News Roundup for June 23, 2020

June 23, 2020

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J Street works to promote an open, honest and rigorous conversation about Israel. The opinions reflected in articles posted in the News Roundup do not necessarily reflect J Street’s positions, and their posting does not constitute an endorsement from J Street.

J Street in the News

Vulnerable Senate Republicans targeted for supporting Trump on Iran, Al Monitor
“The J Street Education Fund — the nonprofit arm of the liberal lobby group — is targeting Sens. Cory Gardner, R-Colo., and Marth McSally, R-Ariz., who voted against a war powers resolution limiting Trump’s ability to conduct offensive military action against Iran following the president’s January strike that killed Iranian Maj. Gen. Qasem Soleimani. ‘President Trump took us to the brink of another war in the Middle East while some in Congress put their heads in the sand,’ the ads say. They go on to assert that Gardner and McSally ‘would let Trump drag us into war yet again’ and ask voters to tell the senators to ‘stand up to Trump, protect our troops.’ A third ad asks voters to thank Sen. Tim Kaine, D-Va., for introducing the war powers resolution.”

Rep. Karen Bass: House letter against annexation must be ‘bipartisan’, Jewish Insider
“‘I think that it’s got to be bipartisan,’ Bass, chair of the Congressional Black Caucus, said during a Zoom call hosted by J Street. ‘I think that it has to be Republican as well.’ The letter, signed by more than 115 members of Congress, includes no Republican signatories. Similar calls in the Senate — including a letter signed by 19 senators — have failed to garner Republican support.”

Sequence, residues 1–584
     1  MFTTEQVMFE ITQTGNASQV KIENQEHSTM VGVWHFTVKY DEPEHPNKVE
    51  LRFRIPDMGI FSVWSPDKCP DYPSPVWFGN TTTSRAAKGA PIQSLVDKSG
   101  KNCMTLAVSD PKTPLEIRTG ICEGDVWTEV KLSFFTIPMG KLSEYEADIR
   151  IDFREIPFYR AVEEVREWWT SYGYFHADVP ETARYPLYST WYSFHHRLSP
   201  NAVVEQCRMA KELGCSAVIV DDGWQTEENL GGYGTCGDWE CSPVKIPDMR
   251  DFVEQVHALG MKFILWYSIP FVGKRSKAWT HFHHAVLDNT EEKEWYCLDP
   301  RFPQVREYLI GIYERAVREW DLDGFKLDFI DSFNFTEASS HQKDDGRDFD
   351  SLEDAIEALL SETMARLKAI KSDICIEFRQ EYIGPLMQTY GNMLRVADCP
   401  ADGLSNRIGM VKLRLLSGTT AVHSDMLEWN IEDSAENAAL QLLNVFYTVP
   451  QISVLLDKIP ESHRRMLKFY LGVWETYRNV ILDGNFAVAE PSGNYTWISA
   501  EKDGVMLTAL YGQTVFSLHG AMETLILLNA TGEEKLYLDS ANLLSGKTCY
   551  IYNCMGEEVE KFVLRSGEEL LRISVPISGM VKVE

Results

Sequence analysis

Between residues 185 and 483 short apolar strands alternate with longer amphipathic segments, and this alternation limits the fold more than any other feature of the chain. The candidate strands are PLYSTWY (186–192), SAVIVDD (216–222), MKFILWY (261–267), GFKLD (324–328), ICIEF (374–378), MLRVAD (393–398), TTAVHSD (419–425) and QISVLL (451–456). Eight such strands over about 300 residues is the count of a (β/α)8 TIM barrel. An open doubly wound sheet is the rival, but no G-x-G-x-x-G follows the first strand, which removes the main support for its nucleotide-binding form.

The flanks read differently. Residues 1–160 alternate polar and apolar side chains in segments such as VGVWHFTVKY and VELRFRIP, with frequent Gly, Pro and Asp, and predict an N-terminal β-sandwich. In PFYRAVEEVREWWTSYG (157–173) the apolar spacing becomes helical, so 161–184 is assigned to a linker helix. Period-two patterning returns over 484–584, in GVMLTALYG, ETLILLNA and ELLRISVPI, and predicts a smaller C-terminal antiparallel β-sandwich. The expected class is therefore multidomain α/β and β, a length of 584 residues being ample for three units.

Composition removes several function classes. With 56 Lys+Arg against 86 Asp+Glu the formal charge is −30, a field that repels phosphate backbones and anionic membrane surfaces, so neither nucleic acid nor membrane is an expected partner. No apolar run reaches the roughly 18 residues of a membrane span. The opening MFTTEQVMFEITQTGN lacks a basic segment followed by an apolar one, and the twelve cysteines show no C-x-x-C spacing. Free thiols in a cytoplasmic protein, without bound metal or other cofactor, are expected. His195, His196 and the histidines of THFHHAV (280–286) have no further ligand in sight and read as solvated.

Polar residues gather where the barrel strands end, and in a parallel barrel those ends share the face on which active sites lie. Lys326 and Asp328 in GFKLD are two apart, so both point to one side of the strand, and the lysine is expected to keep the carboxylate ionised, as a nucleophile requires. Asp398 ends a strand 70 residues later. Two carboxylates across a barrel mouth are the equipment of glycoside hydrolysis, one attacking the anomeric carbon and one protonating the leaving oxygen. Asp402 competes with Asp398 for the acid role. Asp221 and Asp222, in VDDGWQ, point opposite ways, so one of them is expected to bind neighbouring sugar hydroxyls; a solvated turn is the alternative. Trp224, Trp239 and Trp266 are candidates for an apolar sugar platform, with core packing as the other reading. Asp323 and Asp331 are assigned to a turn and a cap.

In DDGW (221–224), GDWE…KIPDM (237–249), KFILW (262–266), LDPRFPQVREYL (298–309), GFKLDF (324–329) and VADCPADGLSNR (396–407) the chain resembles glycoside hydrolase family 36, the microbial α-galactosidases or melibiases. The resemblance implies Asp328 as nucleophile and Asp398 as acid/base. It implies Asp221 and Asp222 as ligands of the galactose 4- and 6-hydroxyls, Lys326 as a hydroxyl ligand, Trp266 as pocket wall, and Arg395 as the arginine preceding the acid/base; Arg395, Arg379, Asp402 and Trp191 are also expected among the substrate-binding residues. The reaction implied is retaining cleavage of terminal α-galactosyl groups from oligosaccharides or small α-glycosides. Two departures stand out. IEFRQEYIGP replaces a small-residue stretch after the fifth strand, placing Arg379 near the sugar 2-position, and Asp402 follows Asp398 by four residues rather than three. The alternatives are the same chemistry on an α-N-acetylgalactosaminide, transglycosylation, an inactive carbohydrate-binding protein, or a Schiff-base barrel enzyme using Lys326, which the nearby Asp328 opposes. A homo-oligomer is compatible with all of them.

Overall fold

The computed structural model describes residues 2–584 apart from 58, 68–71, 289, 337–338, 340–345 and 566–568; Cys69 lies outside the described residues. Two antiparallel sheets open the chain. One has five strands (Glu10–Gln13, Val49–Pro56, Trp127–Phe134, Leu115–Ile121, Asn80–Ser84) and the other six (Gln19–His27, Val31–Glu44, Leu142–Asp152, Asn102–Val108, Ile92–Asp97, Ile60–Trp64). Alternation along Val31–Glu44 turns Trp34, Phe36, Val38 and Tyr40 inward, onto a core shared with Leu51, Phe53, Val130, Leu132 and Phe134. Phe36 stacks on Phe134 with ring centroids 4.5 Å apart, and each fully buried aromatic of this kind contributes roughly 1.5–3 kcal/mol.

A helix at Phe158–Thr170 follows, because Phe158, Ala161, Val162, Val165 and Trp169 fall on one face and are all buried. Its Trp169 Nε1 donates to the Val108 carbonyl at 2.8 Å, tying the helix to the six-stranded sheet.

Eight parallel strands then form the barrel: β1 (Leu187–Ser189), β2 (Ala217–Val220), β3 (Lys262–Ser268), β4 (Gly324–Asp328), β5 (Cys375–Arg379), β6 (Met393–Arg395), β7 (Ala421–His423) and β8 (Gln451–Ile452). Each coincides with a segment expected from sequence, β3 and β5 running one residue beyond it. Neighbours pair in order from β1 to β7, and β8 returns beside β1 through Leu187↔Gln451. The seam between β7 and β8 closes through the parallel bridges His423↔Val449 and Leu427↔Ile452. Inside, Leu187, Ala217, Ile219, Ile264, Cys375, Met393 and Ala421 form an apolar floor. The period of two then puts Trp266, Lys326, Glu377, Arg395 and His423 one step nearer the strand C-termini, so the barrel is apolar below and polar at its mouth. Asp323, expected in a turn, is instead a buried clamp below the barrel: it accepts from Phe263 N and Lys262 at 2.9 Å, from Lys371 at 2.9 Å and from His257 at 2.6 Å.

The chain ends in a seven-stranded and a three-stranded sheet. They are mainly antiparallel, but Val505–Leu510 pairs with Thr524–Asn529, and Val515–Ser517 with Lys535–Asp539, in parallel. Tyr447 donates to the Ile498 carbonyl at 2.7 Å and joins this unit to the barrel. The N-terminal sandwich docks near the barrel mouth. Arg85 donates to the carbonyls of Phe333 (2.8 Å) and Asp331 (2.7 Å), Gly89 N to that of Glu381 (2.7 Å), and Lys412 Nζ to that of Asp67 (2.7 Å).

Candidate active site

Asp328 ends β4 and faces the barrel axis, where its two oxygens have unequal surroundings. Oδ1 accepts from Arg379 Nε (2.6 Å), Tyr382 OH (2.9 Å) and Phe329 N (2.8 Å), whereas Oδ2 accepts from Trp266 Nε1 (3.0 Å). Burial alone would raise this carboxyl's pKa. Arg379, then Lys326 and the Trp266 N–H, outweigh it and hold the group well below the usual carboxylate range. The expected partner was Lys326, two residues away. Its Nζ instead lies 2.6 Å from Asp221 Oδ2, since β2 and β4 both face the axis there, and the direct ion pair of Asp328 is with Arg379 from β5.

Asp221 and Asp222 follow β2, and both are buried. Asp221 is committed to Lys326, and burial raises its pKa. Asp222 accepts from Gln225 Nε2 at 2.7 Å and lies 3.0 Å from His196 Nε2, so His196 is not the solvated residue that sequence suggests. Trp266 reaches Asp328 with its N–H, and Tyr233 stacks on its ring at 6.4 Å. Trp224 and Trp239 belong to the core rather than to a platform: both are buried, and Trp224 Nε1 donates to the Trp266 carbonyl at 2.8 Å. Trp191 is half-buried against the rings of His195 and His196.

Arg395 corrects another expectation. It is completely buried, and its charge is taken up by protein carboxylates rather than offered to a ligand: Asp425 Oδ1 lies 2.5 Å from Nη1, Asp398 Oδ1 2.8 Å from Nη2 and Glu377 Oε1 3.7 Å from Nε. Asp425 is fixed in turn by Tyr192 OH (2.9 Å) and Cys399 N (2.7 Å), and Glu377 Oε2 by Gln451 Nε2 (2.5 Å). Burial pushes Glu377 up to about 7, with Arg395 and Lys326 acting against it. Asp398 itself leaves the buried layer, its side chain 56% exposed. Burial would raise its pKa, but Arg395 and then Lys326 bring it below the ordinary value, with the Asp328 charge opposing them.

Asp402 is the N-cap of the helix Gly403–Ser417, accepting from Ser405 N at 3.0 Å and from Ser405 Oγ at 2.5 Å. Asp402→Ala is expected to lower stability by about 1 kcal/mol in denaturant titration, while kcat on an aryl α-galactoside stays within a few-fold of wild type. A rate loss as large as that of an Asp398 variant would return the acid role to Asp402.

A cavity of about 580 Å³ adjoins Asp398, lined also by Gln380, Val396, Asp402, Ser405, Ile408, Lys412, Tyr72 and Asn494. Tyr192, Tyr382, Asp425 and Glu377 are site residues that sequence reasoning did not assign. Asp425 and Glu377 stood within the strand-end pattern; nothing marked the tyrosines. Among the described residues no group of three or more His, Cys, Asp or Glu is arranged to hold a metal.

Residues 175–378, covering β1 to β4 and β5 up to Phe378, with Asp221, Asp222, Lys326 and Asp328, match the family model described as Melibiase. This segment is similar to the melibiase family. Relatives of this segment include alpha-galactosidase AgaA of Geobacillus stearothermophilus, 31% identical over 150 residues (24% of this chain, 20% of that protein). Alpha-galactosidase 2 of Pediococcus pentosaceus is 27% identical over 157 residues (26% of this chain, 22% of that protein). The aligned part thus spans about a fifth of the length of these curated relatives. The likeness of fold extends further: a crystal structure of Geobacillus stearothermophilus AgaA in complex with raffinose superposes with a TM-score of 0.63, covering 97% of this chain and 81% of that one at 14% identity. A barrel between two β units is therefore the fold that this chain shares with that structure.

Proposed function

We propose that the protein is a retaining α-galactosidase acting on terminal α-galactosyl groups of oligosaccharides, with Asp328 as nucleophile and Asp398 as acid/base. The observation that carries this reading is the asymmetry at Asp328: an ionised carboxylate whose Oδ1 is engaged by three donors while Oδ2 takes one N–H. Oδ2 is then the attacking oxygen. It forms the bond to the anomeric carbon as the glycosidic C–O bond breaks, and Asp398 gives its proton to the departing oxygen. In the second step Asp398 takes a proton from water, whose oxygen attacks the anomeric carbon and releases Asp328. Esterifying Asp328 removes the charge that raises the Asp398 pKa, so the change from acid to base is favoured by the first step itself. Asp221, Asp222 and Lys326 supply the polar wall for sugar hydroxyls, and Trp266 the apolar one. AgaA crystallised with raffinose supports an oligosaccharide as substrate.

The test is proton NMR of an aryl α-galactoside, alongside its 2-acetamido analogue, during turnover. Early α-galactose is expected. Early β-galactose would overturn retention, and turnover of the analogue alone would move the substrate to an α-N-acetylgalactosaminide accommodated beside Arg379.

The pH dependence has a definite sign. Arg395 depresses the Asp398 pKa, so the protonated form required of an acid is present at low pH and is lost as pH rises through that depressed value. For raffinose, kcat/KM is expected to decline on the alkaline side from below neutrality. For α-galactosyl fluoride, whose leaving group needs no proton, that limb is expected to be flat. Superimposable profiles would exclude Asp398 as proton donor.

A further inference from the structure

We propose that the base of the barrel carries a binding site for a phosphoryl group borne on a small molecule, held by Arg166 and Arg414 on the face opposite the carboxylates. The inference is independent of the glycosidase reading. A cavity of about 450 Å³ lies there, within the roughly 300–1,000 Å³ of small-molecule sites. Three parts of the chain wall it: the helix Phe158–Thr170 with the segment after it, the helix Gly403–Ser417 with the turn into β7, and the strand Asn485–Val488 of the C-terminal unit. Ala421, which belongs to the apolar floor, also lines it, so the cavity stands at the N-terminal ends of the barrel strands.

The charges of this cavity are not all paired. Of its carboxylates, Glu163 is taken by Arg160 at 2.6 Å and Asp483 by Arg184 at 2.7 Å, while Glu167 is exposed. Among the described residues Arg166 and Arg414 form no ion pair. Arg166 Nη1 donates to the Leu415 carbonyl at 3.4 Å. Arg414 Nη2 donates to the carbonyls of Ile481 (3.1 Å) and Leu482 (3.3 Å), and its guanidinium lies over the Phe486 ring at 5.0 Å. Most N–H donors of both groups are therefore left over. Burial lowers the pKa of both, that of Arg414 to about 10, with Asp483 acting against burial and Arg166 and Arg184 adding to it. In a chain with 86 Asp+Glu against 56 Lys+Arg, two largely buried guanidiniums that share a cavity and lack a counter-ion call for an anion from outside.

Top News and Analysis

Mixed Signals on Israeli Annexation Reflect Split Among Officials, New York Times
When President Trump’s Middle East team meets this week to hash out what to do about Israel’s planned annexation of territory in the West Bank, a fundamental question will hover overhead: Is the prospect of annexation a pressure tactic to get the Palestinians to engage with the administration’s peace plan, or is the peace plan just a smokescreen for annexation?

Majority of House Republicans Sign Letter Endorsing Israeli Annexation, Haaretz
A majority of Republican members of the House of Representatives have signed a letter to Prime Minister Benjamin Netanyahu endorsing Israeli annexation of settlements in the West Bank. House Minority Leader Kevin McCarthy of California was one of 116 of the 198 Republican House members signed the letter. It praises the Middle East plan presented by the administration of U.S. President Donald Trump, and blames the Palestinian leadership for choosing to reject it. It also says that its signatories support Israel’s “right to sovereignty and defensible borders.”

Why Israel’s annexation of parts of the West Bank would be a historic mistake, Washington Post